If you own a business that requires you to bill clients for your services, you may be wondering how you can limit your unpaid invoices. Customer non-payment for services rendered is a pressing issue for many small business owners, and limiting those unpaid invoices will save you a lot of grief later down the road. Timely payments will also help maintain a steady cash flow for your business. Following are a few different techniques for limiting unpaid invoices, or avoiding them altogether:
Offer a Discount
If you are able to accept payments up front, you might consider giving a small discount for customers who pay the full amount in advance. This works particularly well for small business owners who create items for clients, such as dressmakers, sign shops and the like. In this way, you obtain the entire amount due for the project before you begin work, meaning you are never out for the cost of the materials or your time.
Offer Several Payment Options
Try to make payments as convenient as possible for your clients. If you have a website for your business, consider accepting credit card payments online. Accept as many forms of payments as you can reasonably handle in person: credit cards, checks and cash. When you bill clients, include a pre-addressed envelope for payments.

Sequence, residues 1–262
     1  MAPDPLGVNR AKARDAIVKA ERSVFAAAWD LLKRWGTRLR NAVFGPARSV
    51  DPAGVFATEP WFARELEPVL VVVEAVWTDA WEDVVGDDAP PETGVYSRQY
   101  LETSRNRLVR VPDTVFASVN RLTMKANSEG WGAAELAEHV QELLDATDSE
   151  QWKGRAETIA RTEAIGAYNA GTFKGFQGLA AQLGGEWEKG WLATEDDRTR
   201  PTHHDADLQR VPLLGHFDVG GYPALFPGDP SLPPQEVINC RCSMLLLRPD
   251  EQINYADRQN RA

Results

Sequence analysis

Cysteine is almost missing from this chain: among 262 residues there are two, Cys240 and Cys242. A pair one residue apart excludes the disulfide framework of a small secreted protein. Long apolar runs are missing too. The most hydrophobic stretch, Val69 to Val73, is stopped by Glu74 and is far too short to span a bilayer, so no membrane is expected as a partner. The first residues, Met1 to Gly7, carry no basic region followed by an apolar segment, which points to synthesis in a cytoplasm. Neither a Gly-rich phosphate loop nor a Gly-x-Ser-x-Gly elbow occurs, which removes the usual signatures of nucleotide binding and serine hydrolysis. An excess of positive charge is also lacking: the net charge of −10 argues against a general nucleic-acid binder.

Charge Late Fees
Set up a policy for overdue invoices and charge late fees for anything over a certain number of days old, such as over 30 days or over 60 days. Don't charge an outrageous amount; just a percentage of the overall bill (usually between 3%-5%) is enough to make people take notice. Make sure this fee notice is visible to your clients, either on the bills you send or on the contracts they sign (or both).
Hire Someone to Collect
If you are uncomfortable collecting unpaid invoices from your clients (and many people are), then consider outsourcing them to a collection agency. Professional collection agencies usually charge a fee per each account collected and can also assist with NSF check returns. If a professional agency seems too over-the-top, consider hiring a receptionist who can track the unpaid invoices for you, and follow up with clients on your behalf.
This one almost goes without saying, but you would be surprised at how many businesses continue to offer services to clients who do not pay their bills. If you have a business in which the client obtains service on a certain basis, such as a lawn care service, discontinue the service until the bill is paid. If you are creating something for a client, be it a webpage or a wedding gown; discontinue work until the account is brought current.
Small business owners have enough difficulty maintaining a good cash flow without adding the headaches of managing unpaid invoices. Using these tips, try to limit or avoid unpaid invoices altogether; it's best for your bottom line, and makes for happier clients too.______________________________
Sarah Baker is a documentary filmmaker and writer currently living in New Bern, NC. Her first book, Lucky Stars: Janet Gaynor and Charles Farrell, will be published December 2009. Read more about her.